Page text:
Many Americans believe Halloween is rooted in Satanic worship. For decades, Christian Broadcast Network founder Pat Robertson denounced the holiday as a “demonic ritual” and “a night when the devil rejoices.”
“Mother, don’t let your babies grow up to be demon worshipers,” Robertson advised in 2016, borrowing from Willie Nelson. “Don’t let them do it.”
Robertson and some other pastors may see Satan’s hand in Halloween, tracing the holiday to pagan and druidic customs, but the devil is in the details.
Some scholars trace Halloween’s roots to an ancient Celtic festival known as Samhain, which some say was associated with communing with the dead. Others, like Nicholas Rogers, author of Halloween: From Pagan Ritual to Party Night, argue very little is actually known about the feast beyond celebrating the harvest season.
Rogers also says that people stopped celebrating Samhain long before “Satanism” was even a thing. “Satanism is essentially a Christian creation,” he said, and “incompatible with the polytheism of the ancient Celts.”
Henry Kelly, a professor of English at UCLA and author of Satan: A Biography, said Halloween is best understood as a product of 18th-century folklore traditions of Scotland and Ireland.
“Efforts to connect it with anything earlier are bogus,” Kelly said.
The holiday’s strongest roots sprout from Catholic traditions. The name is derived from All Hallow’s Eve, the evening before All Saints’ Day two nights before All Souls Day.
So, instead of worrying about the devil, Kelly advises evangelicals like Robertson to just “relax and have a good time.”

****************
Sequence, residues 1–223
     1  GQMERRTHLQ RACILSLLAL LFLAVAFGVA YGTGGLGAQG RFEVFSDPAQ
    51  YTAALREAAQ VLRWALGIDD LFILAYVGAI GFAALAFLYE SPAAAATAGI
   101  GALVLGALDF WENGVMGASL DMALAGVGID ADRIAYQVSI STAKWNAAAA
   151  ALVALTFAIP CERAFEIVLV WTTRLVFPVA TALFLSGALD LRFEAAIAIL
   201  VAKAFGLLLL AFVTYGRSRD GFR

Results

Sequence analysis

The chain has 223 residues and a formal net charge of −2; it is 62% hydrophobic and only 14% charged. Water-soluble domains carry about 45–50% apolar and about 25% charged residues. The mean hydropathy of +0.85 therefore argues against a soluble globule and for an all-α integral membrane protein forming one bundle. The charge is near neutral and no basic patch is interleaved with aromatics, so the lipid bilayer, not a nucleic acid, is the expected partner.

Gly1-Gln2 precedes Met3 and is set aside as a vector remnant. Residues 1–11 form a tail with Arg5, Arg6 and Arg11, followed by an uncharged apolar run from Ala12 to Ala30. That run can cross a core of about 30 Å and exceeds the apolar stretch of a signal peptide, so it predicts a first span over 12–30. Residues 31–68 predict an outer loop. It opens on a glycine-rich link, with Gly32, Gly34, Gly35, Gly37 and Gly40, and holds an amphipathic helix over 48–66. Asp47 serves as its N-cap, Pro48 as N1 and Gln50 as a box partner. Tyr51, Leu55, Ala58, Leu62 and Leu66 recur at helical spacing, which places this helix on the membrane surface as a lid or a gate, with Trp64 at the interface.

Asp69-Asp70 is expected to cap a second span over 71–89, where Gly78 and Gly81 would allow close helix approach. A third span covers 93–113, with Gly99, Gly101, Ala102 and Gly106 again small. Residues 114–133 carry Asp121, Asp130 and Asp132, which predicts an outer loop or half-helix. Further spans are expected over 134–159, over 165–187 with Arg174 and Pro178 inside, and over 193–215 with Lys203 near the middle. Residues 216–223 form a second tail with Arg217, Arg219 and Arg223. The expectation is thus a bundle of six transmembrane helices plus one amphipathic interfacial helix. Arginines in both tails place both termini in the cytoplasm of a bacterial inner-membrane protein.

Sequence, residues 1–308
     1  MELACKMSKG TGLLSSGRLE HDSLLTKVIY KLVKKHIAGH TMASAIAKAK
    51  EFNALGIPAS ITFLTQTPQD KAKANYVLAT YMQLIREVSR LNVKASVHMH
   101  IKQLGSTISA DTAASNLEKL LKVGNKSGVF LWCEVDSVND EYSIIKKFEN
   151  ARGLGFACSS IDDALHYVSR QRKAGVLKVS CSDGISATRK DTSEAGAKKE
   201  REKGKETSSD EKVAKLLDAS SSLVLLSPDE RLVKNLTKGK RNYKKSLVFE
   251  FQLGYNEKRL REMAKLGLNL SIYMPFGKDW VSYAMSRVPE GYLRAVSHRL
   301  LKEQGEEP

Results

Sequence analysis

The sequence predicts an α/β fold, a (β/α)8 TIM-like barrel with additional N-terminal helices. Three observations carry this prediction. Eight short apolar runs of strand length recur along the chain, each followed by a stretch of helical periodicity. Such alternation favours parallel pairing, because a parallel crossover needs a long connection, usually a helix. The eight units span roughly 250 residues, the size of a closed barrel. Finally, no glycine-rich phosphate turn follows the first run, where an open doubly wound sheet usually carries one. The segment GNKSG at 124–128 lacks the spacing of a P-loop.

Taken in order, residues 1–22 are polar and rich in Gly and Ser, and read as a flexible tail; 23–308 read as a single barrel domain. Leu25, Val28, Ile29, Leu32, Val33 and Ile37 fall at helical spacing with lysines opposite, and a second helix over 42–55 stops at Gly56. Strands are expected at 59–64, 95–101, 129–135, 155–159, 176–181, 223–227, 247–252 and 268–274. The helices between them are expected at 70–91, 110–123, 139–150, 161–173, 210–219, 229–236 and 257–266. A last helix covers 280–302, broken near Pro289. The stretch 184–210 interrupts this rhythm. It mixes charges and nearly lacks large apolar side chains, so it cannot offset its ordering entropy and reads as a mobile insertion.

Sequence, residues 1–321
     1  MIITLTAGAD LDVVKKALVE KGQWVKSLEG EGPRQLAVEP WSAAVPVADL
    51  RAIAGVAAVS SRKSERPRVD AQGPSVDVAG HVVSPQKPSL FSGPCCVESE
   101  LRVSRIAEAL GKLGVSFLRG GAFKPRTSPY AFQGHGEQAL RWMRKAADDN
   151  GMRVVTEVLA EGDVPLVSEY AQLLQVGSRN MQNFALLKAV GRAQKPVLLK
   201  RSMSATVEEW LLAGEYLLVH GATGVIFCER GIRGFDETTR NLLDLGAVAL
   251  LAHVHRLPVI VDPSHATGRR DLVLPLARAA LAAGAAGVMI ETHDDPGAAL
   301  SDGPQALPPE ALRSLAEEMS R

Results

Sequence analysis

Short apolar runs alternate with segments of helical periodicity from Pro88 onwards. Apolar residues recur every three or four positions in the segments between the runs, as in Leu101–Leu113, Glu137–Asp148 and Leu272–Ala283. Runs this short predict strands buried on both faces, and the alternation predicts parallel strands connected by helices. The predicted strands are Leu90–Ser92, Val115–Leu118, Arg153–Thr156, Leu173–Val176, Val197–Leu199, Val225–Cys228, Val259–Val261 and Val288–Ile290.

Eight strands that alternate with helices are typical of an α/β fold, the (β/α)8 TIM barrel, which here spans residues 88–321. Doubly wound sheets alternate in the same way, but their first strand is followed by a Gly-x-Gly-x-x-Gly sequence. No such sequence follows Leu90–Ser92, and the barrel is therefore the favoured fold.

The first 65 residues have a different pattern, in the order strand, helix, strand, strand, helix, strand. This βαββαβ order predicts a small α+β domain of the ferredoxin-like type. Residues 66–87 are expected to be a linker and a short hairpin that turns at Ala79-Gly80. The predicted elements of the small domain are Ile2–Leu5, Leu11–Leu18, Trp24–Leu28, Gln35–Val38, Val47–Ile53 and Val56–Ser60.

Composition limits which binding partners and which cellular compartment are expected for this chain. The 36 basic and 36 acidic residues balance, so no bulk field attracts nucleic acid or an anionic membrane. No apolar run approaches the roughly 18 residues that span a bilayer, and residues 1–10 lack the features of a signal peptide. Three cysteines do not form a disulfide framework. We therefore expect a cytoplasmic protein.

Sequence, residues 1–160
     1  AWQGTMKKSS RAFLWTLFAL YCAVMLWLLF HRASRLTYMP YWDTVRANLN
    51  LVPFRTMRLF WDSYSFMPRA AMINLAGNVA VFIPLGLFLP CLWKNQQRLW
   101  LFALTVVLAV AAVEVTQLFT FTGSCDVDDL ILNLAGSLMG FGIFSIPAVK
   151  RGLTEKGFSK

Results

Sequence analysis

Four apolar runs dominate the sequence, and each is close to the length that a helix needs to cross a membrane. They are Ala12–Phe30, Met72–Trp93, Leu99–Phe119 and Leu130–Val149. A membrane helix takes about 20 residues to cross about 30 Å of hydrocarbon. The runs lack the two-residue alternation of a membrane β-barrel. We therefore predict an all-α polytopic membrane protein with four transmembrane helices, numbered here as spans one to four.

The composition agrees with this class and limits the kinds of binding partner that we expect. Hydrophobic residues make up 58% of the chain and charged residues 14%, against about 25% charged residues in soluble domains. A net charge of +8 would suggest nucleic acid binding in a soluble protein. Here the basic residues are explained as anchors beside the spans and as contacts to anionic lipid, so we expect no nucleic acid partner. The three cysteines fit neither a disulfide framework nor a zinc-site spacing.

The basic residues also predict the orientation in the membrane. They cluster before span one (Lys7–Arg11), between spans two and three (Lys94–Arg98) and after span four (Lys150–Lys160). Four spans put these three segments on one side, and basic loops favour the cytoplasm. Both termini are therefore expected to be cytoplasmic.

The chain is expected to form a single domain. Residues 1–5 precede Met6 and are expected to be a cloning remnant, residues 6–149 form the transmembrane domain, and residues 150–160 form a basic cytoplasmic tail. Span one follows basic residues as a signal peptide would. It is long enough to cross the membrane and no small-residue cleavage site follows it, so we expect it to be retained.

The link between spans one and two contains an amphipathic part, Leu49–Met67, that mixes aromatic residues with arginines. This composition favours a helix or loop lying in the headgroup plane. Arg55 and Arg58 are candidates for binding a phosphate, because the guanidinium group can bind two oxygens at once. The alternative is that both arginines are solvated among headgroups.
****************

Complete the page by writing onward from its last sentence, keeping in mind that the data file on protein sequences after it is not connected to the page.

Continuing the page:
Myth No. 4: It’s all about the pumpkins
It’s hard to imagine Halloween without carving pumpkins to make jack-o’-lanterns. But the original jack-o’-lanterns were carved from turnips and carried a candle to represent a soul trapped in purgatory, according to Rogers.
Rogers, a Halloween historian, said people in England would sometimes carry the turnips while “souling,” a ritual that included people going door-to-door to ask for food in exchange for prayers for the dead.
One popular story behind the origin of the jack-o’-lantern stems from an Irish myth about “Stingy Jack” who conned the devil in a bar bet. Having angered both God and Satan with his antics, Jack was not welcomed in heaven or hell and was forced to walk the earth with only a burning lump of coal in a carved-out turnip to guide him.
Myth No. 5: ‘The Legend of Sleepy Hollow’ is a Halloween story
Washington Irving’s story, The Legend of Sleepy Hollow, has been called “one of the best known Halloween tales,” “New York’s ultimate Halloween story,” and “America’s Halloween carol.”
Sleepy Hollow, N.Y., changed its name from North Tarrytown in 1996 to rebrand itself as a spooky tourist destination after General Motors closed its Hudson River plant.
Halloween is the town’s peak season. The travel guideFodor’s says, “there’s no better place to celebrate the holiday than Sleepy Hollow.”
The only problem: “The Legend of Sleepy Hollow had nothing to do with Halloween,” according to Kelly, the UCLA professor.
The story never mentions Halloween, which was not widely known or celebrated in America when Irving wrote his tale.
Brian Jay Jones, author of Washinton Irving: An American Original, says it’s a quintessentially Halloween story, all the same.
“If Irving didn’t invent Halloween then he should have,”said Jones. Irving blended German and Dutch folklore to craft “the first real American horror story,” he said.
While Irving may not have explicitly had Halloween in mind when he wrote Sleepy Hollow, the story is set in autumn and “feels like a Halloween story” because it is packed with the sights, sounds and tastes of the season, Jones said.